However, there are still those funny folks who say those funny things. For example, there are an insane amount of Twihard moms out there. If I had an extra dollar for every preschooler Bella I encounter, well I'm not allowed to receive extra money. Kona is a non-tipped role. Unnnlessss I say no three times, but I would never even thi... no no no, thank you!

    Anyways, here are some of my favorite questions that I am asked:

    "Where is the monorail?" (We are literally right next to the monorail)
    "My pager just went off. What does that mean?" (Well, when I said "we'll page you when your table is ready," I wasn't kidding)
    "Are there any better restaurants around here?" (I'm sorry, but would you like it if I walked into your workplace and asked if you could recommend a better place for me to go?)
    "How much time is left on this?" (I'm sorry, ma'am. It's a pager, not a ticking time bomb. We'll let you know when it's your turn.)

    This leads into some of my other favorite scenarios.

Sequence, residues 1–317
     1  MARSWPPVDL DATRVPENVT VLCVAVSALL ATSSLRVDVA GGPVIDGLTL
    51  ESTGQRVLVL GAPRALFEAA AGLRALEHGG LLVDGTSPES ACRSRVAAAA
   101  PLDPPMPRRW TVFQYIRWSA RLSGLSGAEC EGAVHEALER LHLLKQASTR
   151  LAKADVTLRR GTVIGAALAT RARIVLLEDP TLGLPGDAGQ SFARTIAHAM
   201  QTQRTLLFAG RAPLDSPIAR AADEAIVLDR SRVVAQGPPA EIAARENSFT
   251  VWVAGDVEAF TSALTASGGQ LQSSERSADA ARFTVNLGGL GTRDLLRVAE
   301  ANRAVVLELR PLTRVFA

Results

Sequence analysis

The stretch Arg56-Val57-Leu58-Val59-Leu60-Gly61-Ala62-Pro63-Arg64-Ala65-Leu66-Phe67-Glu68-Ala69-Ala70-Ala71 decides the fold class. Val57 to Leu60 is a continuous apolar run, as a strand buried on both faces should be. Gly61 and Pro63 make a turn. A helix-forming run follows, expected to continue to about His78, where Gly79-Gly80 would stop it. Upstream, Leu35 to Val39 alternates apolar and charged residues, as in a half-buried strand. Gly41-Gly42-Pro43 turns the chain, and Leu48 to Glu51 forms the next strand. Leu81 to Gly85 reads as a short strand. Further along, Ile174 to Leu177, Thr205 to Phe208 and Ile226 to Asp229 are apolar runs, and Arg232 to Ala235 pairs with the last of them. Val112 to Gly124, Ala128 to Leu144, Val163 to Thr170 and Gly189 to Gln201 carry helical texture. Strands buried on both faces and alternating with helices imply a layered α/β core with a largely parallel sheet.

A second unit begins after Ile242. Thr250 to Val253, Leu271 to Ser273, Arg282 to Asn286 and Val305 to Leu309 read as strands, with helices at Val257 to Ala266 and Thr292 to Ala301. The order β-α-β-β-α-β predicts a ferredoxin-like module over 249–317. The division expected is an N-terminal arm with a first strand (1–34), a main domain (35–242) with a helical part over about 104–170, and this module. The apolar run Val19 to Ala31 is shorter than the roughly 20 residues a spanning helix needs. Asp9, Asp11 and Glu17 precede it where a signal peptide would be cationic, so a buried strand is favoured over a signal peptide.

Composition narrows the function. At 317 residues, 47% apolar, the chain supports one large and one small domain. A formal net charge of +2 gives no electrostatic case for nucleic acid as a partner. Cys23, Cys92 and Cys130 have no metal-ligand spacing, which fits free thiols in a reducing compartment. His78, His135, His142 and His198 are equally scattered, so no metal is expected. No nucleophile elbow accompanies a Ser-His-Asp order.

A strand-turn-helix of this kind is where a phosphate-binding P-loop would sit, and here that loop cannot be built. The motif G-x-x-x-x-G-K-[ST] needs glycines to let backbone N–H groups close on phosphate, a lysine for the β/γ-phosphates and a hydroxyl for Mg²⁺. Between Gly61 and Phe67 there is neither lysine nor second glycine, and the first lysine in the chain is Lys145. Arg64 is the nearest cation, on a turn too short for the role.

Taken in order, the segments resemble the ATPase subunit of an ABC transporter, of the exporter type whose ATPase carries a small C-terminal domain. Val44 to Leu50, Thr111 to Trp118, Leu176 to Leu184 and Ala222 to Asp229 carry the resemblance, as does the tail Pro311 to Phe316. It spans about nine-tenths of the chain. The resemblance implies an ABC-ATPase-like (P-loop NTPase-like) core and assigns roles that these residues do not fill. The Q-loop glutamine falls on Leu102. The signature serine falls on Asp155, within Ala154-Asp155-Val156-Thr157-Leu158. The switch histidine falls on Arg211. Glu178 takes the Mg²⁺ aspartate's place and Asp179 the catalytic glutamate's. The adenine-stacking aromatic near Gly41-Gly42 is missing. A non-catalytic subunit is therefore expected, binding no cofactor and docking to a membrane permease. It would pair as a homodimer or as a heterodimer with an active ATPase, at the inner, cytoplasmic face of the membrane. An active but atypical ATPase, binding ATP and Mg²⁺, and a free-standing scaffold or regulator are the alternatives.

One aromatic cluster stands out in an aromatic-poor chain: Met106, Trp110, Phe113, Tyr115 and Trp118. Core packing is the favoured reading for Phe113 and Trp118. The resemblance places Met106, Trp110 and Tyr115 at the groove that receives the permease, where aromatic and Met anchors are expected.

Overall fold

There's the guest who has a skewed conception of time. "I have been waiting forty-five minutes and I want to be sat now!" I have a timer that shows how long you've had that pager, and it's been eight minutes. Calm down.
    There's the guest who sends their kid to do the dirty work. "Excuse me, ma'am, I was just wondering if we would be getting a table soon. I'm just so hungry. Being four is hard." *Sad puppy dog face*
    Then there are the people who don't understand that there are other people who want to eat at our restaurant, too. The people that don't understand that a quiet booth with good lighting and a comfortable temperature close to the window away from any children doesn't exist. Not in Disney World at least. Come on, people! It's Disney! The place is made for kids!

    When I encounter these crazy people, it can be easy to forget the good things. To forget that I have one of the most beautiful views on property. To forget that at 8:00 every night, Wishes is piped into the resort's sound system and if you listen hard enough, you can follow along. It can be easy to just get lost in the frustrations, but when you see a little girl light up when you call her princess, or see a couple in love celebrating their 50th anniversary, it's not so hard at all : )